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Biophysics of ComputationInformation Processing in Single Neurons$
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Christof Koch

Print publication date: 1998

Print ISBN-13: 9780195104912

Published to Oxford Scholarship Online: November 2020

DOI: 10.1093/oso/9780195104912.001.0001

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Synaptic Input to a Passive Tree

Synaptic Input to a Passive Tree

Chapter:
(p.402) 18 Synaptic Input to a Passive Tree
Source:
Biophysics of Computation
Author(s):

Christof Koch

Publisher:
Oxford University Press
DOI:10.1093/oso/9780195104912.003.0024

Now that we have quantified the behavior of the cell in response to current pulses and current steps as delivered by the physiologist's microelectrode, let us study the behavior of the cell responding to a more physiological input. For instance, a visual stimulus in the environment will activate cells in the retina and its target, neurons in the lateral geniculate nucleus. These, in turn, make on the order of 50 excitatory synapses onto the apical tree of a layer 5 pyramidal cell in primary visual cortex such as the one we use throughout the book, and about 100-150 synapses onto a layer 4 spiny stellate cell (Peters and Payne, 1993; Ahmed et al., 1994, 1996; Peters, Payne, and Rudd, 1994). All of these synapses will be triggered within a fraction of a millisecond (Alonso, Usrey, and Reid, 1996). Thus, any sensory input to a neuron is likely to activate on the order of 102 synapses, rather than one or two very specific synapses as envisioned in Chap. 5 in the discussion of synaptic AND-NOT logic. This chapter will reexamine the effect of synaptic input to a realistic dendritic tree. We will commence by considering a single synaptic input as a sort of baseline condition. This represents a rather artificial condition; but because the excitatory postsynaptic potential and current at the soma are frequently experimentally recorded and provide important insights into the situation prevailing in the presence of massive synaptic input, we will discuss them in detail. Next we will treat the case of many temporally dispersed synaptic inputs to a leaky integrate-and-fire model and to the passive dendritic tree of the pyramidal cell. In particular, we are interested in uncovering the exact relationship between the temporal input jitter and the output jitter. The bulk of this chapter deals with the effect of massive synaptic input onto the firing behavior of the cell, by making use of the convenient fiction that the detailed temporal arrangement of action potentials is irrelevant for neuronal information processing. This allows us to derive an analytical expression relating the synaptic input to the somatic current and ultimately to the output frequency of the cell.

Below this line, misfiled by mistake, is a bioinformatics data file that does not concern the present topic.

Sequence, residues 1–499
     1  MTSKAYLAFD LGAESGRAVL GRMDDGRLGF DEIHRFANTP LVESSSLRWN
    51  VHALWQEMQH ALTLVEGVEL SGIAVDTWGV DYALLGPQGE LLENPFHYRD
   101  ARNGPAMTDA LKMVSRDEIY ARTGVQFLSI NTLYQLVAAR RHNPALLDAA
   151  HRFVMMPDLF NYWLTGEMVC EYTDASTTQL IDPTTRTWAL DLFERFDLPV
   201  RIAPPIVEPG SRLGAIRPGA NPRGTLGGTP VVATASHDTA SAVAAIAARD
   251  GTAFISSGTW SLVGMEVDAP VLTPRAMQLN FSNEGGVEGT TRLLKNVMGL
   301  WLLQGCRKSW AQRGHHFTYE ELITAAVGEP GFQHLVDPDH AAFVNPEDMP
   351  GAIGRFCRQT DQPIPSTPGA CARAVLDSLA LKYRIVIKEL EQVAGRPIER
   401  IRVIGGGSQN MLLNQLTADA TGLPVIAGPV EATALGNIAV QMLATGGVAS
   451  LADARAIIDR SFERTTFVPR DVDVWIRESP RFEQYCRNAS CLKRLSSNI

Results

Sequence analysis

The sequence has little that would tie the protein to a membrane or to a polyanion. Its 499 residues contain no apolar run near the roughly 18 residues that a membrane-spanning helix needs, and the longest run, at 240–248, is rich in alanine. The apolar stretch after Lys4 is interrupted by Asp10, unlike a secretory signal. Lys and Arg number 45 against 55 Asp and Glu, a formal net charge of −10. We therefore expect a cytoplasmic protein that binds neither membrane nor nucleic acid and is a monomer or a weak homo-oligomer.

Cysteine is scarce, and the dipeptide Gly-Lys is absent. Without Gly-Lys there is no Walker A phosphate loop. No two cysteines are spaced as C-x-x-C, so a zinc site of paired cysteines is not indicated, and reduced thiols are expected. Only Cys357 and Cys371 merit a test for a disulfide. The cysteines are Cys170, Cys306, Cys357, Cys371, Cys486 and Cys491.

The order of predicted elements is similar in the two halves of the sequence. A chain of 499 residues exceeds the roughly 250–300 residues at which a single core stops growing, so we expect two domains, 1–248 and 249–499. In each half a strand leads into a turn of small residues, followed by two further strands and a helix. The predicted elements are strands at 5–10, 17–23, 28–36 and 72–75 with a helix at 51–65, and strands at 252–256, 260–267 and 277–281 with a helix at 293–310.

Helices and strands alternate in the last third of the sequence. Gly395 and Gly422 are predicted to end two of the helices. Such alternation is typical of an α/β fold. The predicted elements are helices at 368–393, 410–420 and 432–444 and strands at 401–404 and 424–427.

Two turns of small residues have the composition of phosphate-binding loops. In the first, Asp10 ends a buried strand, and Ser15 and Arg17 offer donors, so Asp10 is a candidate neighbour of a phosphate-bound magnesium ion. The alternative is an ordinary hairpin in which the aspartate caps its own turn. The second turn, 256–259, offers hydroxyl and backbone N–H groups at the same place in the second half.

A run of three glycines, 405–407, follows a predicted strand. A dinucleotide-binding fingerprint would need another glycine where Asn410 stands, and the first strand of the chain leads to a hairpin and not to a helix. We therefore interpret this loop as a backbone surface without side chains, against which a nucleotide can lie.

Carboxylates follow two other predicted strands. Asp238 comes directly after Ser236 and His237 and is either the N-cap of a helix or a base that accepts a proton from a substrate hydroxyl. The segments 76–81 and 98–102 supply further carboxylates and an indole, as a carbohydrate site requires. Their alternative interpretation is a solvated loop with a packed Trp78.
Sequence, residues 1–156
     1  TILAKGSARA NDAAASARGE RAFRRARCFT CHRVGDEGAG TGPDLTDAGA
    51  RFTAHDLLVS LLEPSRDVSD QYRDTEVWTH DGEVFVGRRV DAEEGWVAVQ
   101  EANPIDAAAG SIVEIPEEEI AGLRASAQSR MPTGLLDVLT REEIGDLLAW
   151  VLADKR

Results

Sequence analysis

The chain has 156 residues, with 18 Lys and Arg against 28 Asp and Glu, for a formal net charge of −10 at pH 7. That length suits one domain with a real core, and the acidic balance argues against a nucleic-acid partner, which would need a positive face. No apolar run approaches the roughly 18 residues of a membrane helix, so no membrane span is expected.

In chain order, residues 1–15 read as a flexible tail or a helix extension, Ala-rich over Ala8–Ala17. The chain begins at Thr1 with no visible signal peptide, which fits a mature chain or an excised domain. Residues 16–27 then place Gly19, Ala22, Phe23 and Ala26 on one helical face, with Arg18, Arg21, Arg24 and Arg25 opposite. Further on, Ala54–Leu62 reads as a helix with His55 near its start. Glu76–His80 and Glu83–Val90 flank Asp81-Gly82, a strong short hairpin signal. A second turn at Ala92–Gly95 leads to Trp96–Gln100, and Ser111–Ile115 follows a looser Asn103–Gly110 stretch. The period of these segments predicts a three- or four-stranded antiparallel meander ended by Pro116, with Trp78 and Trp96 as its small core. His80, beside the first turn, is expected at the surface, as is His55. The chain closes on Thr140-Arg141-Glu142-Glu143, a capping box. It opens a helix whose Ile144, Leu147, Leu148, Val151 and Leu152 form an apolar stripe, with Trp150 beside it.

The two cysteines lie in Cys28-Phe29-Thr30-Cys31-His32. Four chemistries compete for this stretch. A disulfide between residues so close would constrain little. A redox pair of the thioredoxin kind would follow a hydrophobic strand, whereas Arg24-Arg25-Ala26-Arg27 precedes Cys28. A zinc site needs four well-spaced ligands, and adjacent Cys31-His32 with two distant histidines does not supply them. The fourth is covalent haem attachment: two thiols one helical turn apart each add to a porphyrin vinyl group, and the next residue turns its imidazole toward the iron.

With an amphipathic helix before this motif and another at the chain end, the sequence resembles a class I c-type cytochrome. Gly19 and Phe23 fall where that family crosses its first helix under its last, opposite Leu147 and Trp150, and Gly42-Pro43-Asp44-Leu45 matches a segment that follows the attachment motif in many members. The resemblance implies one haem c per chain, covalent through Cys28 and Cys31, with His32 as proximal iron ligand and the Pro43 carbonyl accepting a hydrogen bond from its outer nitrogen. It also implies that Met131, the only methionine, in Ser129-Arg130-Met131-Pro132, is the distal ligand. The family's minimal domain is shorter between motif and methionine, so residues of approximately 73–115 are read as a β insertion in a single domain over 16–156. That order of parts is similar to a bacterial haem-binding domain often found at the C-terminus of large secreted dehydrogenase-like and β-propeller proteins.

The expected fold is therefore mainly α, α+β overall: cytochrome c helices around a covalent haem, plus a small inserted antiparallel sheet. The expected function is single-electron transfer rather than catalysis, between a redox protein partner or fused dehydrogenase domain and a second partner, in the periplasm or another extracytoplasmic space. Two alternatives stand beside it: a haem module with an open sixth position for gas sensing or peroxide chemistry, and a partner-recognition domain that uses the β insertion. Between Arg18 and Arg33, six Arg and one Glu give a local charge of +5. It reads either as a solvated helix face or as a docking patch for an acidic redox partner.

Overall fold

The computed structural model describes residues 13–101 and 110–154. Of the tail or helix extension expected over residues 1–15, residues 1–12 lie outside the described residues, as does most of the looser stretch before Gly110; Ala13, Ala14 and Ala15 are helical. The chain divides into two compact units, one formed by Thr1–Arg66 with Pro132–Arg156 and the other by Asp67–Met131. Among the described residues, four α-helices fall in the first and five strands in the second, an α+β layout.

Keywords:   Adaptive gain control, Cable theory, Distal synaptic input, Electrotonic distance, Facilitation, Leak conductance, Membrane resistance, Neuromodulators, Purkinje cells

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